9. How to protect your dog from canine skin cancer
When it’s a problem: When most dogs get skin cancer, it’s not due to sun exposure. That said, shorthaired dogs with light skin pigmentation are more likely to develop sun-induced squamous cell carcinoma, which tend to appear on sparsely haired areas, such as the belly. While skin cancer is very rare, it would look like blood blisters on your dog’s skin, says Kim.
Skin cancer isn’t the only danger, either: Because they don’t have a lot of fur and may like to lie belly-up in the sun, dogs like bull terriers, whippets, beagles, and Dalmatians are most susceptible to solar dermatitis, a sun rash, says Kim.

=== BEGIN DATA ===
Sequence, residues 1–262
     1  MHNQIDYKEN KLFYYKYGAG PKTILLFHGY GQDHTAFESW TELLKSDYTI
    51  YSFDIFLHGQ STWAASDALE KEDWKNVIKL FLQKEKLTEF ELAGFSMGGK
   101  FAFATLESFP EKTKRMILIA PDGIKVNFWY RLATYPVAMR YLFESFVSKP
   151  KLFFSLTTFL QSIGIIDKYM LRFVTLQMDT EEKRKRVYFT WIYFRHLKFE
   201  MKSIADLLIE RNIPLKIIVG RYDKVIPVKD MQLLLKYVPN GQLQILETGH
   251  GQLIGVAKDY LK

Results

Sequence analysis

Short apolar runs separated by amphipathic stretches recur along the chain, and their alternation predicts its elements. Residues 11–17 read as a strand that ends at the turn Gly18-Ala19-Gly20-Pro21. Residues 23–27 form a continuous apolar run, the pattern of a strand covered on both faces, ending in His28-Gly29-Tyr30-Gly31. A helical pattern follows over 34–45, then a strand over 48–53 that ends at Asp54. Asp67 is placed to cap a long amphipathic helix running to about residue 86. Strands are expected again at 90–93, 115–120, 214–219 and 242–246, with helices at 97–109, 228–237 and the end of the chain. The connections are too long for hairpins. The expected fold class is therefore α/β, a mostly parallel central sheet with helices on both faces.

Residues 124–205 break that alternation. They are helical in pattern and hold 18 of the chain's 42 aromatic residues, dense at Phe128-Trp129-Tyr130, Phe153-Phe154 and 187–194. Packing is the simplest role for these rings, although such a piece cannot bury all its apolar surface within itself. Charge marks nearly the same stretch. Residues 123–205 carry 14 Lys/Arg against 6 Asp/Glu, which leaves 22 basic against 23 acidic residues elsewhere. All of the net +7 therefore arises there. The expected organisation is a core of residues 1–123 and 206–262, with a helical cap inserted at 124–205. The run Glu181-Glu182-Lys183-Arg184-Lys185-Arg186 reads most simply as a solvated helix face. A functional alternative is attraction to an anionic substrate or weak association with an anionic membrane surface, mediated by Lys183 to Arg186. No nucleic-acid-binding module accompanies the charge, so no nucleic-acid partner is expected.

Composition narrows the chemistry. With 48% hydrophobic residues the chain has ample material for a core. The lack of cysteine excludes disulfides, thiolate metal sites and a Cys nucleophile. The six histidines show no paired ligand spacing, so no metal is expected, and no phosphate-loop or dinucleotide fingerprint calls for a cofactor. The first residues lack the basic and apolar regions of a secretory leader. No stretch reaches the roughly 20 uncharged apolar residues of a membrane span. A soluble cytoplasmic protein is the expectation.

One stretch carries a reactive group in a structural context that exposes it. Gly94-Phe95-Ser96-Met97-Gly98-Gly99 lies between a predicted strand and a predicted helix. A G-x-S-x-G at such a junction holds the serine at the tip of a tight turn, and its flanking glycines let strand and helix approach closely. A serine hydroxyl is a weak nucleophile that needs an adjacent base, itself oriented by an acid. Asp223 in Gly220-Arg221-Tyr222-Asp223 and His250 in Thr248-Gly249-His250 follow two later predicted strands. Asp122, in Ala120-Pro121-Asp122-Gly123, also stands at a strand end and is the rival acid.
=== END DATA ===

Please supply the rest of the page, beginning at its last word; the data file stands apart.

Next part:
Solution: “Should I put sunscreen on my dog?” is a common question, but it doesn’t have a simple answer. Many sunscreens (at least those intended for humans) contain aluminum; it’s not good for dogs to consume, which is a risk because dogs lick themselves. In general, fur protects dogs from the sun, she says. For extra measure, consider outfitting your dog in a shirt, like this Gold Paw Sun Shield Dog Shirt (prices start at $23.97).
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